I’m a technique man. Always have been, always will be. Once or twice a week I use a simple technique in the kitchen that is about the oldest around. It involves water, salt and time. Maybe you remember a little thing called osmosis from science class. In a nutshell osmosis is the movement of water molecules from an area of high concentration to an area of low concentration. So, just what the heck am I doing in my kitchen and what does this marvel of science have to do with it? Meat cell walls are semi-permeable. Water and salt can pass into the cell, but proteins cannot pass out of the cell. Once inside the meat, salt causes the strands of protein to denature, or unwind. This changes the structure of the proteins, causing them to become tangled together and trapping moisture. When the meat is cooked, the denatured proteins solidify and form a barrier that keeps the moisture and salt in the meat. The result is meat with higher moisture content and improved texture. And since salt amplifies the flavor of foods, you have flavor throughout the meat.
Sadly, one kind of science has got to come to the rescue of another kind of science. Did you realize that pigs today are 50% leaner than they were just 20 years ago? Chickens follow closely behind. From a health point of view this scientific breeding is fantastic because fat is bad. On the other hand, both moisture and flavor have been sacrificed. Brining is a way for us to enjoy these leaner and healthier cuts of meat by insuring that they are moist and juicy. And if the brine includes pepper, herbs, spices, garlic, onion, lemon, beer etc., those flavors are carried in and trapped in the meat too. Instead of seasoning on the surface only, as most cooks do, brining carries the seasonings throughout. The general term I like is “flavor brining” which distinguishes it from a stronger “curing brine” or “pickle”.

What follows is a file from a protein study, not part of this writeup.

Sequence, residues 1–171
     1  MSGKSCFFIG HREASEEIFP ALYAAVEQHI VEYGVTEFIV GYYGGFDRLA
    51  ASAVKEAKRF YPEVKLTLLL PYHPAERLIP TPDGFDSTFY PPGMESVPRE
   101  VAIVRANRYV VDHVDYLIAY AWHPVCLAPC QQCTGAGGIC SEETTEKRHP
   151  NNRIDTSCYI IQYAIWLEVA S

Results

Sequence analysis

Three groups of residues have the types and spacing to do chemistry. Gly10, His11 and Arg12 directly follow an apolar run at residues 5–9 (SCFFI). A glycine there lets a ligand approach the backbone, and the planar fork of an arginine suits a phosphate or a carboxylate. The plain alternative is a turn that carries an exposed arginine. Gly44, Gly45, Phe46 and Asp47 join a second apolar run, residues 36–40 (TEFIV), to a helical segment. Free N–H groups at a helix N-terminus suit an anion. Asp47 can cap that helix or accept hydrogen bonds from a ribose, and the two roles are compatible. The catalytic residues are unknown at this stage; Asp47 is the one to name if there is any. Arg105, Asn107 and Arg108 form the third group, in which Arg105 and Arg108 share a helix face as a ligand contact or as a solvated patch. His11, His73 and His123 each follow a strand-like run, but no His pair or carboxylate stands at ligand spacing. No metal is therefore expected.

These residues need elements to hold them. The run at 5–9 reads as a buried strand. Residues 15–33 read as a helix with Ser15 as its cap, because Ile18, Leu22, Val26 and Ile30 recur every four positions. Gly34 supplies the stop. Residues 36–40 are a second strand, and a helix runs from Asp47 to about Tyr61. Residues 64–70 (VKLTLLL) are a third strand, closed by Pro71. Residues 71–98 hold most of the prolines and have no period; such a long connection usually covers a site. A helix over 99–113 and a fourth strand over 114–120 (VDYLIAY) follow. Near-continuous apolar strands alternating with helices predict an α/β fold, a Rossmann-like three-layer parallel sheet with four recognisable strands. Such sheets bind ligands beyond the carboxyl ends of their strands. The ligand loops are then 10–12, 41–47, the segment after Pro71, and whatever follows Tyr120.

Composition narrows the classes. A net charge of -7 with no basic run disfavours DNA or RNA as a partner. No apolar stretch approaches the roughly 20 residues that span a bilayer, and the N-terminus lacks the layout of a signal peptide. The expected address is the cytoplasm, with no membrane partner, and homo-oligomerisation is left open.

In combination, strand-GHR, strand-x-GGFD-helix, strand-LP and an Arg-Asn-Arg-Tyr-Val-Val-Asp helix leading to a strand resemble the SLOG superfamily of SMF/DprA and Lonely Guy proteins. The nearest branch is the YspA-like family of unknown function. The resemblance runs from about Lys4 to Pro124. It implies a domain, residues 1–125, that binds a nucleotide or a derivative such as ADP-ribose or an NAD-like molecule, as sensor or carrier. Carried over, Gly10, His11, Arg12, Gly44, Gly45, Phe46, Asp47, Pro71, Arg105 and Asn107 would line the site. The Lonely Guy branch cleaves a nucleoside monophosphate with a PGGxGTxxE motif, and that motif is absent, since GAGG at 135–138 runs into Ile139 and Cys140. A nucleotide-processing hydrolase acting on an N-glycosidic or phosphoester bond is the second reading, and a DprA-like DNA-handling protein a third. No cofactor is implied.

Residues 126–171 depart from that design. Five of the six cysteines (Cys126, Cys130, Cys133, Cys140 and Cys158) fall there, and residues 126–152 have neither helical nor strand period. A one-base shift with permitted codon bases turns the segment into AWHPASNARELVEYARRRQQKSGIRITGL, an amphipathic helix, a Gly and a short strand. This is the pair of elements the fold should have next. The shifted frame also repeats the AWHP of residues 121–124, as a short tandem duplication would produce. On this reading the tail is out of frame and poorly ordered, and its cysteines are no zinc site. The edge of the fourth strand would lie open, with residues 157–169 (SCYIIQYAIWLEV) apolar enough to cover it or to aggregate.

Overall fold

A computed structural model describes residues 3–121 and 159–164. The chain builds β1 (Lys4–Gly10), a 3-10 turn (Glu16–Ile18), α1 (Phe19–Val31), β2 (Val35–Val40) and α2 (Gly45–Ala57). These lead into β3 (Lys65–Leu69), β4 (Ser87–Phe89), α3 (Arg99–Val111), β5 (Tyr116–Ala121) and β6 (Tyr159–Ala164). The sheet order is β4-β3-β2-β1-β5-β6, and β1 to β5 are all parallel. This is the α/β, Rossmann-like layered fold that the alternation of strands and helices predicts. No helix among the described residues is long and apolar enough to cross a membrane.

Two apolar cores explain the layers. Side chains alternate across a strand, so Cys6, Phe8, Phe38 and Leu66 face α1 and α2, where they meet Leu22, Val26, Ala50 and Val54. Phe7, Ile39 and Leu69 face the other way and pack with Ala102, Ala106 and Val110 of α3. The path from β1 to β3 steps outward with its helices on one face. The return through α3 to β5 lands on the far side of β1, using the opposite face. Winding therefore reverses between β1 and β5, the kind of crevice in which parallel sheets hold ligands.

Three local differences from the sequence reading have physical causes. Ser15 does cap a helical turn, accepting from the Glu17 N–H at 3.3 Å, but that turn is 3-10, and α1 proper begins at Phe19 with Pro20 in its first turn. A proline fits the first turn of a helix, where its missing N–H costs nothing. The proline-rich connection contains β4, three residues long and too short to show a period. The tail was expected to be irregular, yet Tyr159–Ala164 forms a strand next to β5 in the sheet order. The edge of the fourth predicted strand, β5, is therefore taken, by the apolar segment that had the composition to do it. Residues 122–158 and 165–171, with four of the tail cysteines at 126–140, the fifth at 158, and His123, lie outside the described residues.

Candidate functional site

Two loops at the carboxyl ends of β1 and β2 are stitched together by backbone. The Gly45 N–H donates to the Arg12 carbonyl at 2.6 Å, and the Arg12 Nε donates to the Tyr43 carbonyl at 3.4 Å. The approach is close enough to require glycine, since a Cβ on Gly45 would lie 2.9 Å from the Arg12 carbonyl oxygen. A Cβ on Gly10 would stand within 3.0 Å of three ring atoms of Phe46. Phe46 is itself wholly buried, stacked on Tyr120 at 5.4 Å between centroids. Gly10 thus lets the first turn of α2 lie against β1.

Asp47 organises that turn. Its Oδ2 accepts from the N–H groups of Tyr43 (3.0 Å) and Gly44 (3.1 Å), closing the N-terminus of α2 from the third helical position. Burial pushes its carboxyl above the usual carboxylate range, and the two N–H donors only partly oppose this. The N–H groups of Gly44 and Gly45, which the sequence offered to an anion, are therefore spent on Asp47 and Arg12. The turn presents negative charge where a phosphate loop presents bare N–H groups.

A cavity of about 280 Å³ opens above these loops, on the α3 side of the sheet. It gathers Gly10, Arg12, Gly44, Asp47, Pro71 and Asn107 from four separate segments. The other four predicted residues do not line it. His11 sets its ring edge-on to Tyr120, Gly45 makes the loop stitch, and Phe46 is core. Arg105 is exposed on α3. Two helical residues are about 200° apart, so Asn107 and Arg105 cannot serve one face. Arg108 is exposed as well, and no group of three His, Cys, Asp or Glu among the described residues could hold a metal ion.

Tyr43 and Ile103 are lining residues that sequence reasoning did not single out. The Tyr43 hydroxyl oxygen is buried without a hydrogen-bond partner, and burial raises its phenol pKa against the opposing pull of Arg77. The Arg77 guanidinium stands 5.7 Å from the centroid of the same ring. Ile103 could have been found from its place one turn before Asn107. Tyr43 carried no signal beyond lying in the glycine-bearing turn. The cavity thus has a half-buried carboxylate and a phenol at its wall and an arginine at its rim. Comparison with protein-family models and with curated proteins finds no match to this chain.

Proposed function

Professional chefs have used brines for years and not just for flavor or moisture. Brined meats can hold longer than non-brined meats. And brined meats can be slightly over cooked and still remain juicy. I typically brine all chicken breasts, pork loins, pork chops and turkey breasts. If you happen to brine a whole chicken or turkey, the dark meat will benefit somewhat too.
Flavor Brine #1 is a traditional brine containing just the basics:
This ratio of salt to water has been a standard for a number of years.
1 gallon of water
6 to 8 ounces of salt. (I prefer 6 oz., and use kosher salt or canning salt)
1/2 cup of sugar
A smaller batch of Flavor Brine #1:
1 quart of water
3 tablespoons of Morton's kosher salt
2 tablespoons of sugar
Seasonings like pepper, garlic powder, sage, lemon slices, onion slices, fresh herbs etc. are optional. A few ounces of flavored vinegar, wine, apple juice or even beer can be added as well.
thirdeye's LiteBrine & LiteApple Brine:
Because a lot of folks watch their salt intake, I started getting inquiries about a brine with less salt. A lite brine so to speak. Many of my brining sources felt that less than 4 ounces of salt per gallon is not strong enough, but Smokin' Okie (Author of Brining 101) reminded me "...it's not the strength of the brine, but how long to let meat soak". Once I got his nod, I continued experimenting with my recipe and like the results on pork loin, pork chops and chicken pieces. Since this lite brine has less salt, less sugar is needed. If you want to add a sprinkle of your favorite rub, or maybe a splash of soy sauce, go for it. Because this brine is lite on salt, it's okay. In addition to immersion brining, I've also been injecting some of the same brine, details on both methods are below.